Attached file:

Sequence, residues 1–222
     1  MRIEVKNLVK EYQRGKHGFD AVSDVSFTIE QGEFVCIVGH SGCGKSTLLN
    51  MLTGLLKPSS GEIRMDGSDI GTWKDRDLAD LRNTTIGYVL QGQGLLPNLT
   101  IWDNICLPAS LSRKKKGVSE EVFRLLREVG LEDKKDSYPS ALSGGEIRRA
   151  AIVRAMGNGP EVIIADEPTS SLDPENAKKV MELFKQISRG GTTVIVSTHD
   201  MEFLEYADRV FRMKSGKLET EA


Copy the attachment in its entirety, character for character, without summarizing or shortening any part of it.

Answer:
Sequence, residues 1–222
     1  MRIEVKNLVK EYQRGKHGFD AVSDVSFTIE QGEFVCIVGH SGCGKSTLLN
    51  MLTGLLKPSS GEIRMDGSDI GTWKDRDLAD LRNTTIGYVL QGQGLLPNLT
   101  IWDNICLPAS LSRKKKGVSE EVFRLLREVG LEDKKDSYPS ALSGGEIRRA
   151  AIVRAMGNGP EVIIADEPTS SLDPENAKKV MELFKQISRG GTTVIVSTHD
   201  MEFLEYADRV FRMKSGKLET EA